The first in a series of reports from the Alliance for a New Penn Station begins building a strong case for a new Midtown West anchored by a twenty-first century, regional mass transit hub where Madison Square Garden stands today.
Hudson Yards, Manhattan West, and associated infrastructure and transit improvements will transform the far West Side of Manhattan for good. Two recent panels discussed and revealed some important new insights on these two enormous projects, which will have wide-ranging effects on New York City’s real estate and construction industries.
If the City Council gets its way and Madison Square Garden is forced to move to accommodate a new Penn Station, here are five of the most likely destinations for what would be a fifth iteration of the World’s Most Famous Arena.
Two new leases at Hudson Yards have boosted commitments at the project’s first planned office tower to nearly 80 percent.
In an effort that will completely redefine Manhattan’s far West Side, the city officially broke ground earlier this week on the massive Hudson Yards project, which will feature at least two LEED Gold office towers.
With $400 million in financing secured from Bank of America and a Middle East wealth fund, Related is ready to break ground on the first commercial office tower at its 300-acre Hudson Yards project, which will be home to Coach and seek a LEED Platinum rating from USGBC.
The handbag maker Coach has agreed to purchase a 600,000-square-foot condominium interest in the first commercial office tower that will rise at the Related Companies’ 60-block, 300-acre Hudson Yards development on Manhattan’s West Side.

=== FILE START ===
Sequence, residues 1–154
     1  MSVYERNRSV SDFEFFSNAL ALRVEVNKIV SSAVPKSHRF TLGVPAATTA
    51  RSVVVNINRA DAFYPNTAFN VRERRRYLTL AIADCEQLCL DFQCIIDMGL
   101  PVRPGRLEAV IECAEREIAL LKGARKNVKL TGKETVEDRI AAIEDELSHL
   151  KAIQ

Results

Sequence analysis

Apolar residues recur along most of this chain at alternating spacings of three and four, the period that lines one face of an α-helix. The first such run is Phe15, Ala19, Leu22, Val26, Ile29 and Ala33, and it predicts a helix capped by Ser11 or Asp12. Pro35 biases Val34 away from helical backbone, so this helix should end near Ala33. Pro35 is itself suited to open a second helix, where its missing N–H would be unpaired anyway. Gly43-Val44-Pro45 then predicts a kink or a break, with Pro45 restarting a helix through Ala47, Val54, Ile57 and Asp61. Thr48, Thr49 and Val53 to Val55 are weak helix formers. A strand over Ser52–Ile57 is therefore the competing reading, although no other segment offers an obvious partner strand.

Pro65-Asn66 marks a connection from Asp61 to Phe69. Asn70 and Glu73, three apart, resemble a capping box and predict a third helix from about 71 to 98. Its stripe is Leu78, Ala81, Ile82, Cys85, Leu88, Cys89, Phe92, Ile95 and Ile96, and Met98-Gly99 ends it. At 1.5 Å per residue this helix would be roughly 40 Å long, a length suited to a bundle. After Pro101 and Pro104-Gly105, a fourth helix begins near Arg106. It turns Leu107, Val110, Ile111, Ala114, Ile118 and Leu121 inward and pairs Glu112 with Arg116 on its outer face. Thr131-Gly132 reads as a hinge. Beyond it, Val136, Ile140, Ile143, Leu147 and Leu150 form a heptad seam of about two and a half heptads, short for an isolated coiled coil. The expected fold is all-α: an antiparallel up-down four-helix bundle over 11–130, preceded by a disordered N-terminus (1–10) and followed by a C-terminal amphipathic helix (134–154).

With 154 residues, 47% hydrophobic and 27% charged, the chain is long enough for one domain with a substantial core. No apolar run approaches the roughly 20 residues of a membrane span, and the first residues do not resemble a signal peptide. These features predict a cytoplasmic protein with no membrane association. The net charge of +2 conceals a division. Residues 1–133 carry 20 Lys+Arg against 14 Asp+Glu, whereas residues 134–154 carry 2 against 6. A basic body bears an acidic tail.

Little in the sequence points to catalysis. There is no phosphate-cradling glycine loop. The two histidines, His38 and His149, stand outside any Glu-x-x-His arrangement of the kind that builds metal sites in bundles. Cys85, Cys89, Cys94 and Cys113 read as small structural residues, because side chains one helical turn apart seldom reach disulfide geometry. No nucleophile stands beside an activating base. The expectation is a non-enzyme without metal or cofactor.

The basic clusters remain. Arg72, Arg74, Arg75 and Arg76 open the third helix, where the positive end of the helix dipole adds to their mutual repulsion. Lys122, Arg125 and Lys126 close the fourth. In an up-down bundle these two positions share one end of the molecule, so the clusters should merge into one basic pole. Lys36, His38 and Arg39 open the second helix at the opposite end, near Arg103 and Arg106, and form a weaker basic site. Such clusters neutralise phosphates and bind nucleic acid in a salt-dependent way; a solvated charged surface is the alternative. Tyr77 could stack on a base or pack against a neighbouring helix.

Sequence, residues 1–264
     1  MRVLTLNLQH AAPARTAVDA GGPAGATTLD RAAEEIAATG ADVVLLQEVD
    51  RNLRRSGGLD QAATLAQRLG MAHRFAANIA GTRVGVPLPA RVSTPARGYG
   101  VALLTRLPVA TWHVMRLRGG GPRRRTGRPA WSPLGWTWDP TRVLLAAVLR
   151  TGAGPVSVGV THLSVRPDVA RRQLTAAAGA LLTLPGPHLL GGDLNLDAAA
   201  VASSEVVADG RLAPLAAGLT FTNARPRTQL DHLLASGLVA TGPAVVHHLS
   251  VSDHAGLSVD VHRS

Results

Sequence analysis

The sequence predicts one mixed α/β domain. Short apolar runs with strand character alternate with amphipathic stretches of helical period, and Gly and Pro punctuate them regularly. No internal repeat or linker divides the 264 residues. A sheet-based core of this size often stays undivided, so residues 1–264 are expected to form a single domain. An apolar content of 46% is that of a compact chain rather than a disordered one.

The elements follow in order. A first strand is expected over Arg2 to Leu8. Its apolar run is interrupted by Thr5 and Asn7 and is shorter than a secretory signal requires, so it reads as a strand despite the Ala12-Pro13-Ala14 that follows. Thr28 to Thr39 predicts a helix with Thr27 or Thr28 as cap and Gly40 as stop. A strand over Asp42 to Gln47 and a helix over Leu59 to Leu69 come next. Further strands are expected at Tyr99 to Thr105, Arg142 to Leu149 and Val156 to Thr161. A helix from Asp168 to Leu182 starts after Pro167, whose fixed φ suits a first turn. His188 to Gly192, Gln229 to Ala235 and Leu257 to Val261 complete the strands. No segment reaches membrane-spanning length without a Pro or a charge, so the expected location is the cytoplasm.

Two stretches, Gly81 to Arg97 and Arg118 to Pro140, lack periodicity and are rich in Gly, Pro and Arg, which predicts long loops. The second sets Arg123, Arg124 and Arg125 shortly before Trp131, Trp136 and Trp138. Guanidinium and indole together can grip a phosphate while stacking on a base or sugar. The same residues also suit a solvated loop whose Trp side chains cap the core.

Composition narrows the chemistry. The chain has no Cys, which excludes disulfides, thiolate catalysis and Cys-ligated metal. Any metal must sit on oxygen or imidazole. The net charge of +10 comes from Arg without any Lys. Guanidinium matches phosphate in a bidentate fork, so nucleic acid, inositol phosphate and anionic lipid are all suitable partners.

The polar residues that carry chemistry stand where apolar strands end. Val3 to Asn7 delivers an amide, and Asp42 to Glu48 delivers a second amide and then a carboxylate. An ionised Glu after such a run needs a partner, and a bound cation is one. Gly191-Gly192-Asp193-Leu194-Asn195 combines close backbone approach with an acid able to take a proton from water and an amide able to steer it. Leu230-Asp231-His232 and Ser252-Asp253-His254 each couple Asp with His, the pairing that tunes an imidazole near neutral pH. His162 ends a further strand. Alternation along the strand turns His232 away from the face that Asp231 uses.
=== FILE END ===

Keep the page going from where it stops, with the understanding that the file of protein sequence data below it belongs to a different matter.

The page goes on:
Nearly 20 years in and several re-designs in, the Moynihan Station project is finally, finally nearly ready to leave the station. Finally. Maybe.
Noah Kazis does a pretty tremendous job limning the gordian knot of issues surrounding New York’s zoning policies and politics, but he paints a favorable picture of the Bloomberg administration’s ultra-ambitious zoning work overall — nearly one-fifth of New York City has been re-zoned since 2002, and generally it has been re-zoned fairly thoughtfully. In the instance of Hudson Yards (pictured), for example, the city’s decision to essentially create a new neighborhood was predicated on the extension of the 7 train. Not all the development has been that wise, of course. “Even while the Bloomberg Administration has zoned for growth to be centered around transit, it has also closed off the possibility of more intensive transit-oriented development,” Kazis writes in part one. “The overall effect is positive, but it could be even better.” It’s a story gbNYC readers already know: this is a very green city, but it’s also one in which some very real green accomplishments are tempered by agencies that sometimes seem to be operating at cross purposes and the hugely powerful (and hugely regressive) influence of Real Estate Mega-Developers.
The Hudson Yards Community Advisory Committee has released a response to the West Side Rail Yards proposals in a letter to the MTA that calls for green building practices across the Hudson Yards project.